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On Sept. 23 the Federal Register published the Federal Communications Commission's final rules for "Preserving the Open Internet," also known as the FCC's Net neutrality rules. The reactions and responses have only just begun:
The FCC's rules reflect a compromise reached by Google and Verizon in August 2010 as well as approaches developed from 2004–2008 under Republican FCC Chairs Michael Powell and Kevin Martin. Although Net neutrality's battles can be simplified as Dems versus GOP, or telcos versus consumers, both the truth and the road ahead are more complex.
European Net neutrality advocates launched RespectMyNet.eu on Sept. 22, calling on consumers to document "blocking or throttling of their Internet access, and help name and shame operators' harmful practices." The two organizations leading the effort are the Netherlands' Bits of Freedom and France's La Quadrature du Net. European Commission rules regarding Net neutrality took effect in May and are generally mild; however, violations through the end of the year will be monitored, officially reported and evaluated to consider whether more restrictive rules are advisable. The new site is likely to provide additional data for this monitoring effort.
On Sept. 27 House Bipartisan Privacy Caucus Co-Chairs Reps. Joe Barton (R-Texas) and Ed Markey (D-Mass.) announced two letters sent to the Federal Trade Commission, respectively calling for investigations of stealthy supercookies and of Facebook cookies that enable tracking even when users are not logged in. Markey said, "Consumers, not corporations, should have the choice about if, how or when their personal information is used."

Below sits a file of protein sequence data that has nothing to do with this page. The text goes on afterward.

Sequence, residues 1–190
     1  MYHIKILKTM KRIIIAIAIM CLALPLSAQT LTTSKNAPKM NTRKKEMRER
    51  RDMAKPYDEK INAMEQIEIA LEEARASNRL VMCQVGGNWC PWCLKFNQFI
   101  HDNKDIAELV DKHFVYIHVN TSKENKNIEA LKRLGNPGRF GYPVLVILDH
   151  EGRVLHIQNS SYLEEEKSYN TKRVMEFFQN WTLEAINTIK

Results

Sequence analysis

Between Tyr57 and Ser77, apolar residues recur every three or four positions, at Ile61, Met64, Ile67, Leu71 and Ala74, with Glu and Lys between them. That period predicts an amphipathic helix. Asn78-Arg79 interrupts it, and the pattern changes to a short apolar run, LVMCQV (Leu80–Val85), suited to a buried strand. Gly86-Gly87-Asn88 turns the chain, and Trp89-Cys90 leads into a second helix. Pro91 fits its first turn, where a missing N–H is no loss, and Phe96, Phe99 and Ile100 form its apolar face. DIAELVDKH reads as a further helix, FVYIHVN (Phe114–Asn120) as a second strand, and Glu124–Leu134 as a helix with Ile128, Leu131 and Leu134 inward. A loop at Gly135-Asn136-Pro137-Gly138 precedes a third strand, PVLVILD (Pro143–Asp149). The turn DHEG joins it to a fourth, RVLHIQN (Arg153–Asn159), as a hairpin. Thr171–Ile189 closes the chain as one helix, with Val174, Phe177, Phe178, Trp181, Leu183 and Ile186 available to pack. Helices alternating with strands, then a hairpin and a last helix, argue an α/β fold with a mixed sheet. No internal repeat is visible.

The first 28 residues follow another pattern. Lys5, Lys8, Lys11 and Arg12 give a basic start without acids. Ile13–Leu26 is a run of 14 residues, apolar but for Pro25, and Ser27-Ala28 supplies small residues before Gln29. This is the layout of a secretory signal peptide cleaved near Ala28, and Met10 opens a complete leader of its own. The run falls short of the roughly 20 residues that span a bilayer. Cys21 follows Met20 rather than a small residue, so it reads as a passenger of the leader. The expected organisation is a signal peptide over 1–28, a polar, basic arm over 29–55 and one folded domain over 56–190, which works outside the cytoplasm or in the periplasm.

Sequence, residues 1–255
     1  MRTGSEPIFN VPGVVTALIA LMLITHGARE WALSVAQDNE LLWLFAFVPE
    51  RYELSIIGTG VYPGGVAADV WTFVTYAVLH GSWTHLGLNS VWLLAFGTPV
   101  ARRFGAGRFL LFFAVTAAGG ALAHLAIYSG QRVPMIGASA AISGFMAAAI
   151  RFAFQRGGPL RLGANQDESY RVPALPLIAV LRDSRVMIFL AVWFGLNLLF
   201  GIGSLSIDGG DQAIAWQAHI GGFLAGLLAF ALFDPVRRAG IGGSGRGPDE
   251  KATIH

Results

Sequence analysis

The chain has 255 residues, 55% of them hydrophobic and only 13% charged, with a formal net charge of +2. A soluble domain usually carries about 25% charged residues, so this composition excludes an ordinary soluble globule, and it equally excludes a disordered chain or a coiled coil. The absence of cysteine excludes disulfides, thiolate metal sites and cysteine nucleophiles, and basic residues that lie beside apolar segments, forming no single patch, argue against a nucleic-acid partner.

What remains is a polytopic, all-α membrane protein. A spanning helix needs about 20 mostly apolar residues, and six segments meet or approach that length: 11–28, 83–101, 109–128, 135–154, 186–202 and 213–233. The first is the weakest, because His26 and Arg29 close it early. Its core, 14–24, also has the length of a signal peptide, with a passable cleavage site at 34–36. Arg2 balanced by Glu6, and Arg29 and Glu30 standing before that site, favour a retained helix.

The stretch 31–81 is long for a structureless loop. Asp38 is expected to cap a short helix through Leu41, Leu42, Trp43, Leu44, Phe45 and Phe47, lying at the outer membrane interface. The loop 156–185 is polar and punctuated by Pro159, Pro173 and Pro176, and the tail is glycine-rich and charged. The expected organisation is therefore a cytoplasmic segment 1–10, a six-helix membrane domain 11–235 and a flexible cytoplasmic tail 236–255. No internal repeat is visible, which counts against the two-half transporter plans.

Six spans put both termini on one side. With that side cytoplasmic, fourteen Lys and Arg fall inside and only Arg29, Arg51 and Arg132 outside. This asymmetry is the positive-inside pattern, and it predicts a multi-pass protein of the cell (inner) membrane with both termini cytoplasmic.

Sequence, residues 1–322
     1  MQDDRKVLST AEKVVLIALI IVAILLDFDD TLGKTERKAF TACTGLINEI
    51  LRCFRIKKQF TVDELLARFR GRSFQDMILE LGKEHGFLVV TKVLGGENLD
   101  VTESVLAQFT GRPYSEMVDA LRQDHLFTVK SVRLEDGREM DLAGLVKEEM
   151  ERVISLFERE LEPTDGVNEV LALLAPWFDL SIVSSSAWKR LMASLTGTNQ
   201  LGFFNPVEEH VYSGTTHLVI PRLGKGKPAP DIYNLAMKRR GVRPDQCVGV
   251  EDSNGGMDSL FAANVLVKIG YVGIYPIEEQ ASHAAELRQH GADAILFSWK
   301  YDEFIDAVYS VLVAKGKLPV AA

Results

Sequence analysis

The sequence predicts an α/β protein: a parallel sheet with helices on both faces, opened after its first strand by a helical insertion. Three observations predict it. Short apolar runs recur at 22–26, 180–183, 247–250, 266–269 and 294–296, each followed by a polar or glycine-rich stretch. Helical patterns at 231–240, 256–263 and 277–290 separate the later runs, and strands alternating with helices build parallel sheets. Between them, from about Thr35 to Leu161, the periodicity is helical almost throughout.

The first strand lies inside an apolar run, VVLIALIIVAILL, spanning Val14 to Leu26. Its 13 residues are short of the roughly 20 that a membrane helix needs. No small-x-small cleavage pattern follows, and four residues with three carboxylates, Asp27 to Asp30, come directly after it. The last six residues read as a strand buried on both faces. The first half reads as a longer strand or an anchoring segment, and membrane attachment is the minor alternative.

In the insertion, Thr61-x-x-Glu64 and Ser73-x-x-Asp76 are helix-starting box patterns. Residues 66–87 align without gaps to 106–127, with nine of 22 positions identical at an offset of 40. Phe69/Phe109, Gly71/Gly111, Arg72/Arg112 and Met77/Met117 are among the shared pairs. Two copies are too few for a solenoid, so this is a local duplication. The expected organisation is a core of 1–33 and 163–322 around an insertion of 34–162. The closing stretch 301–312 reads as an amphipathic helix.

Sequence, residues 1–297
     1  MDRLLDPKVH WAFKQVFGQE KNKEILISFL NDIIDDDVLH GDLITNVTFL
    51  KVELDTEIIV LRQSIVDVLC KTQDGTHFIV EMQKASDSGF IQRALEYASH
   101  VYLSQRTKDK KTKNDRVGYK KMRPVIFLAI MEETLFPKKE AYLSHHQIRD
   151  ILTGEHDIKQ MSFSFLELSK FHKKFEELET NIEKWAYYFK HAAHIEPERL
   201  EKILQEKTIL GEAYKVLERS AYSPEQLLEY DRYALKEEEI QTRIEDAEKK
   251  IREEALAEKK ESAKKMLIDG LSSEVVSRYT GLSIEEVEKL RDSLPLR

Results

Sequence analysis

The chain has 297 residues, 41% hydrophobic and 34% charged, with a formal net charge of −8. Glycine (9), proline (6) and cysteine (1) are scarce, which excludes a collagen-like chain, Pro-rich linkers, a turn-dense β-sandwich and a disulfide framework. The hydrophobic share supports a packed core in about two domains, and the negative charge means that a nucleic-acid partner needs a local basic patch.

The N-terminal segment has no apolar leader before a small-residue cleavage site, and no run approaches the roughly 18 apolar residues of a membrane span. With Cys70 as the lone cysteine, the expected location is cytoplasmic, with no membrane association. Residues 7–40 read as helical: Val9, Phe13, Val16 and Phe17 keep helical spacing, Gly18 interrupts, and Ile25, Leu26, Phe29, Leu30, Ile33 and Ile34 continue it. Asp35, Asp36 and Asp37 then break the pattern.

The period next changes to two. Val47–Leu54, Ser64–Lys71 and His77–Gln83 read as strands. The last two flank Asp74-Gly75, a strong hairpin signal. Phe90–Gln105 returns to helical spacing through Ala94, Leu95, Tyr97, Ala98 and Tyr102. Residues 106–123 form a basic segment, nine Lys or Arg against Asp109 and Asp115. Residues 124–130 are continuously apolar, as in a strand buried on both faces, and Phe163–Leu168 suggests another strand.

An interesting footnote to the entertainment-related announcements made by Facebook at its Sept. 22 F8 Developer Conference was mention of pending legislation H.R. 2471, which would change privacy law to allow ongoing, Internet-based consent for sharing lists of video rentals. Because an obscure U.S. law protects consumer video rental privacy by requiring title-by-title written consent, Netflix CEO Reed Hastings told conference attendees his service's integration with Facebook will be available in 44 countries, but not the United States.
On Sept. 23 PaidContent reported on the little-known activities of Digital Rights Corp., a company that has been making legal settlements with Internet-infringing consumers for the low rate of $10 per infringed musical work, with discounts for volume available on a case-by-case basis. The firm's COO Robert Steele said they do not plan to bring lawsuits, but view their activities as a way to disrupt the file-sharing lifestyle. Detailed information about the company's music clients or the sums it has collected so far were not disclosed.
The World Intellectual Property Organization inaugurated its new office in Geneva on Sept. 26. WIPO Director General Francis Gurry addressed the organization's future challenges, which include development of a copyright infrastructure to "enable global licensing and digital markets" as the world's cultural content migrates to the Internet. On Sept. 29 WIPO's General Assembly declared that efforts to negotiate an international treaty to protect performers' rights in audiovisual works have reached the final phase so that an international diplomatic conference will be convened in 2012.
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